MERIDEN — Local clergy told area residents they see science and religion as connected, not conflicting, studies during a conversation at Meriden Library earlier this week.
The discussion, organized by the Castle Craig Adult Learning Center Tuesday, included presentations by Zahir Mannan of the Baitul Aman Mosque Rabbi Michael Kohn of Temple B’nai Abraham and Pastor Peter Blossom from the South Meriden Trinity United Methodist Church. There were roughly 40 CCALC members in attendance.
Mannan presented the connection between the Islam faith and science. He spoke on topics such as embryology, evolution, numerology and cosmology. In regards to Muslims’ holy book, the Quran, Mannan said every living thing is made from water. In addition, he said that God’s throne is on water. He believes faith and science are different sides of the same coin.
“They both come from the same source in order to discover a fuller picture,” Mannan said. “Everything exists to recognize the creator.”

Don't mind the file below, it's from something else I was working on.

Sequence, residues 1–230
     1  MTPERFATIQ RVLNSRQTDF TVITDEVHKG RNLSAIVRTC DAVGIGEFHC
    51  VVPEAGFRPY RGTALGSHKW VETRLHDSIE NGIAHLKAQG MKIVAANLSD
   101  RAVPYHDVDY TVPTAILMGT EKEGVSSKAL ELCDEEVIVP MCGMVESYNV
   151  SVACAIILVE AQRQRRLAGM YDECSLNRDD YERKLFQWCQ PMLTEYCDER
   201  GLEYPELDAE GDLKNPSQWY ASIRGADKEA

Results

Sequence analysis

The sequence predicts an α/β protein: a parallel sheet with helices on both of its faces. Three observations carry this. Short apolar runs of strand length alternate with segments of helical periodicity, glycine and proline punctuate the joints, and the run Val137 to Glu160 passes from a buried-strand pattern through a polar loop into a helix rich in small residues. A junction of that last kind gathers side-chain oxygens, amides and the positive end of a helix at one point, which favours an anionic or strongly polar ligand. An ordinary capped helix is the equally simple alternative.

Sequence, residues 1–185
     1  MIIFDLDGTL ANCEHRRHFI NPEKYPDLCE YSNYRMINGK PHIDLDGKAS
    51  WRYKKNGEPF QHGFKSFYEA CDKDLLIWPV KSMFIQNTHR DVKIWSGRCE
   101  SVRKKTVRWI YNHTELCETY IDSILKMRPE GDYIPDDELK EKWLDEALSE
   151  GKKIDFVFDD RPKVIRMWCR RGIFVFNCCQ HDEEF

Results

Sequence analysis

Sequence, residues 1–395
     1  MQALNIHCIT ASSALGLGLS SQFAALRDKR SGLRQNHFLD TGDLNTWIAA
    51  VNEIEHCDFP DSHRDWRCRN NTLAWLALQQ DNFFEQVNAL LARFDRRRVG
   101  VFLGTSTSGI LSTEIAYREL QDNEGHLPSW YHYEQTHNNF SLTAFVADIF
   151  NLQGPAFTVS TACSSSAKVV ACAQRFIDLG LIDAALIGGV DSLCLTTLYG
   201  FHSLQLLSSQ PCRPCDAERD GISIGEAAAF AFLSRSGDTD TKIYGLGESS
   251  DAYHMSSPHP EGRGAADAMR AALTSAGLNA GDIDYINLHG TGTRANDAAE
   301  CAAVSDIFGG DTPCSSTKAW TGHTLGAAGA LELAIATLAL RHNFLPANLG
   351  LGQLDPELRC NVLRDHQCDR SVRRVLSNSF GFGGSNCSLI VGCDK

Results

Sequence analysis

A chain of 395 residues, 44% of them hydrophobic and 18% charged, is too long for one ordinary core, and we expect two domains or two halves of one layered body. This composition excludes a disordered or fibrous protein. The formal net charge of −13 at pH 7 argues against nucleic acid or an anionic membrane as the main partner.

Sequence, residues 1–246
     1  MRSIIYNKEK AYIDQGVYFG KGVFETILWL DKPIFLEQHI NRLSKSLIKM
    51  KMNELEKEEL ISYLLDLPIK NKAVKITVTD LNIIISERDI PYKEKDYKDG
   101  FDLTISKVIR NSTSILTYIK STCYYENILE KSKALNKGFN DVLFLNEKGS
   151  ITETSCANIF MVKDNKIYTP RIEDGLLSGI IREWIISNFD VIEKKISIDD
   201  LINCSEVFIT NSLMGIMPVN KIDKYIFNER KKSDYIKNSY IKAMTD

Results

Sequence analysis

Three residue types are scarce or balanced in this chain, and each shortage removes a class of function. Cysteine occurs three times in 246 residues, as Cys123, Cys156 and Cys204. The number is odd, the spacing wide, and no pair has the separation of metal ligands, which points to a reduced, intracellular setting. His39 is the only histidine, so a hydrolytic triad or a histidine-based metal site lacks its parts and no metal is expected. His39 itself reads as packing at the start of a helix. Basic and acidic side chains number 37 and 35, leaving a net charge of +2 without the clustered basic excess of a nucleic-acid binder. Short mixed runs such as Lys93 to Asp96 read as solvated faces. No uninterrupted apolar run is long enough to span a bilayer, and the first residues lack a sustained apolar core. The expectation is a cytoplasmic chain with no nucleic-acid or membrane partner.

Kohn presented different types of science in its connection with Jews’ book of faith, the Torah. He talked about the big bang theory, how the world was completed in six days and time dilation regarding velocity and gravity. Kohn believes one cannot survive without the other.
“There’s always a relationship and balance,” Kohn said. “The science deals with the physical universe and religion deals with the spiritual universe.”
Blossom presented on many Christian scientists. He spoke how faith and science are complementary ways of knowing. However, he said that science is not enough to define relationships of living beings.
“I think that they complement themselves well,” Blossom said. “Both are ways of knowing and getting excited of God’s creation.”
Janice Karpinski, CCLAC member and event organizer, said the organization started with a group of teachers who wanted more opportunities to learn. Karpinski, who has organized three events during her 12 years with CCLAC, added the group currently has 108 members.
Middlesex Community College helps the group with its bookkeeping. There are two more events this season and will begin again in March.
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